The DrawnButton widget is similar to a PushButton except that its face must be drawn by the application instead of being drawn automatically. It can be used to provide a button that has a context-sensitive appearance.

To display a picture on a button, it is usually easier to use a PushButton with a pixmap for the image. Drawing the picture on a DrawnButton requires writing code containing X graphics calls, which is normally put in the "Expose" callback.


FileSelectionBox



Display
Labels

No match string

Apply label

Pattern

OK label

Max history items

Cancel label

Directory spec

Help label

Visible item count

File list label

Text columns

Selection label

Directory mask

Filter label

Directory

Directory label



Settings
Callbacks

Dialog type

Apply

Minimize buttons

Cancel

Must match

OK

File type

No match

Work area placement

Command changed

 

Command entered

The FileSelectionBox widget is a composite widget that lets users browse through the file system and select a file. The file browser in Sun WorkShop Visual is an example of a FileSelectionBox. The Generate Dialog is a FileSelectionBox with a work area child. The FileSelectionBox is derived from the SelectionBox and shares its resource panel.

The FileSelectionBox combination includes two ScrolledLists, two TextFields, four Labels, a Separator and four PushButtons, which are gadgets. These components are contained in a BulletinBoard widget that is not visible in the design hierarchy. To display the resources inherited from the BulletinBoard, click on "Bulletin Board Resources" in the resource panel.

While a FileSelectionBox can be used anywhere that a BulletinBoard can, it is usually placed in a Dialog Shell that is popped up for file selection.

To change the labels of button or label widgets from the defaults, change the resources in the resource panel of the FileSelectionBox, not in the resource panels of the individual widgets.

You can add multiple children to a FileSelectionBox. The first child becomes the work area. This can be a container widget containing additional widgets. The "Work area placement" resource controls where the work area appears in the dialog, even though it appears at the end of the FileSelectionBox widget's hierarchy. The additional children can include a MenuBar and any number of PushButton widgets.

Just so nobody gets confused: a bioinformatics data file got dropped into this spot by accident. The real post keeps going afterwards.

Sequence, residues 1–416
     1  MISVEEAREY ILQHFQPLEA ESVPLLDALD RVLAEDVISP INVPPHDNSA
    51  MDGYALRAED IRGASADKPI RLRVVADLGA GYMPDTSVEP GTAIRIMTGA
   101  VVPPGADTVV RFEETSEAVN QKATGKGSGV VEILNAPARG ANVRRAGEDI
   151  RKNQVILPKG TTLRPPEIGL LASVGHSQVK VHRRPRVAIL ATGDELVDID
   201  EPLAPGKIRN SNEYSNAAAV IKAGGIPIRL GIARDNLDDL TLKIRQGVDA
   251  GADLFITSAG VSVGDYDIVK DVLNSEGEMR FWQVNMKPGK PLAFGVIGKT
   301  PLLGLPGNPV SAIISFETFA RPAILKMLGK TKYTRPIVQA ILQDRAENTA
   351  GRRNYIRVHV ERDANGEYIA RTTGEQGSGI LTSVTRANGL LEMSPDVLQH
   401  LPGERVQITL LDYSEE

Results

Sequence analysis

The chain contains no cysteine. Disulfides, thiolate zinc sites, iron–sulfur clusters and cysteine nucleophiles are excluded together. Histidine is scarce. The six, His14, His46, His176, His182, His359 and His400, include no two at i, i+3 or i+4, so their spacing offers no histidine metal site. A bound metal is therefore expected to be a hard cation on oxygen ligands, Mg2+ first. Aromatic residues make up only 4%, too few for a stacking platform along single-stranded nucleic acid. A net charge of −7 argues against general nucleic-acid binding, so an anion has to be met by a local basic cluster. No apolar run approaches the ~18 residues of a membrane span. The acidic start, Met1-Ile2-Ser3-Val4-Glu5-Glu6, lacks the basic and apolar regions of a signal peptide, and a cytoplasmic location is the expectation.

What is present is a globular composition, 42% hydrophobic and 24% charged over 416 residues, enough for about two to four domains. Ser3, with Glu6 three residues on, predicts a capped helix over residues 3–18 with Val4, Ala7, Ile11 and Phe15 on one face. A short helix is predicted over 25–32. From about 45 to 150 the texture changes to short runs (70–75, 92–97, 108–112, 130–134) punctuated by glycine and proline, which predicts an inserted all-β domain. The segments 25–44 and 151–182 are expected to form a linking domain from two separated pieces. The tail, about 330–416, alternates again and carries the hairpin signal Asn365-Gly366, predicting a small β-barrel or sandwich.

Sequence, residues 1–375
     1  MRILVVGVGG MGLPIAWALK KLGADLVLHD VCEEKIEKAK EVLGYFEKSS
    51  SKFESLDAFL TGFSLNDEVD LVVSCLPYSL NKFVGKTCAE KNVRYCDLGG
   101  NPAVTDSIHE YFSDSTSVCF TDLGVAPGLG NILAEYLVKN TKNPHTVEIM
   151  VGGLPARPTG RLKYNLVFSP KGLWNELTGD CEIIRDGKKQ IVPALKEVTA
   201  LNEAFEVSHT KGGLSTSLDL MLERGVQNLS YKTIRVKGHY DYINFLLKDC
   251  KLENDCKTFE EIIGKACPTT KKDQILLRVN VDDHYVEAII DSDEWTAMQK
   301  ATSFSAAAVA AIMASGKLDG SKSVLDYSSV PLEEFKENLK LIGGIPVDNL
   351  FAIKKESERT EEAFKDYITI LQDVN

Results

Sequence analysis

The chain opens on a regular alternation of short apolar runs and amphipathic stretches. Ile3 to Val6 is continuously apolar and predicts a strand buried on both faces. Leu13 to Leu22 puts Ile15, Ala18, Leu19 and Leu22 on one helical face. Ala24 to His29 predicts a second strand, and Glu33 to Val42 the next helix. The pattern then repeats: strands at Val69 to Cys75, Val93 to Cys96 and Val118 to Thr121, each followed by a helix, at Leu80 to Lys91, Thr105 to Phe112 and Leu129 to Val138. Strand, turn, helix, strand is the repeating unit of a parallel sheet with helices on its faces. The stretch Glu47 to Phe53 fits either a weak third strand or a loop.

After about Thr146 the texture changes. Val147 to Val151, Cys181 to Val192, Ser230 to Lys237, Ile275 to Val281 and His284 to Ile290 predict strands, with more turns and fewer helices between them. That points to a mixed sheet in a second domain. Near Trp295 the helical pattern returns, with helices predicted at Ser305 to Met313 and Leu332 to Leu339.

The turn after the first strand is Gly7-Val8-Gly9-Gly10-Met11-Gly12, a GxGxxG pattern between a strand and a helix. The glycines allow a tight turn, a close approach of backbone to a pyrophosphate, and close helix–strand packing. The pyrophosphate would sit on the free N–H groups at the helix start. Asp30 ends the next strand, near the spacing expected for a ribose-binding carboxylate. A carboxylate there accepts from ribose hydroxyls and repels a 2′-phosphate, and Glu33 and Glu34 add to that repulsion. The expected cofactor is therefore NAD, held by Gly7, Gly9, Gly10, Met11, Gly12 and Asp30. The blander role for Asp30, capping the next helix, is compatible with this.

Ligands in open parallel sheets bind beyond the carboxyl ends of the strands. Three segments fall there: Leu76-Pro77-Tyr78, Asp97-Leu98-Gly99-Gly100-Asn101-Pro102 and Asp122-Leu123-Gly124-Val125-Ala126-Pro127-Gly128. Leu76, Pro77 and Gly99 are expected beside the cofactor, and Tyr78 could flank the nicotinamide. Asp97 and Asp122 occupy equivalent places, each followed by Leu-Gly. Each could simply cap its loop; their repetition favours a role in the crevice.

Form



Display
Settings

Title

Dialog style

Margin height

Resize policy

Margin width

Shadow

Horizontal spacing

Allow overlap

Vertical spacing

Auto unmanage

Fraction base

Default position

Cancel button

No resize

Default button

Rubber positioning



Fonts
Callbacks

Text font

Focus

Button font

Map

Label font

Unmap

The Form widget is a container widget that provides both absolute and relative positioning of its children widgets. It is commonly used to lay out widgets in a dialog, either as a child of a Shell or as the work area in a DialogTemplate or similar widget.

The layout of widgets in a Form is specified by using attachments on children of the Form. Different types of attachments let you specify different types of spatial relationships such as a fixed location within the Form, a relative location within the Form, or a fixed distance between widgets. These capabilities allow considerable flexibility and reliable behavior when widgets or windows are resized. Sun WorkShop Visual lets you specify these attachments interactively in the Layout Editor. For more information, see the Layout Editor chapter.

You can view the attachments set on any child of a Form by using the Constraints panel. Select any child of the Form, pull down the Widget Menu and select "Constraints...". Use of this panel is described in the Using the Resource Panels chapter. It is particular useful if you have to superimpose one widget over another.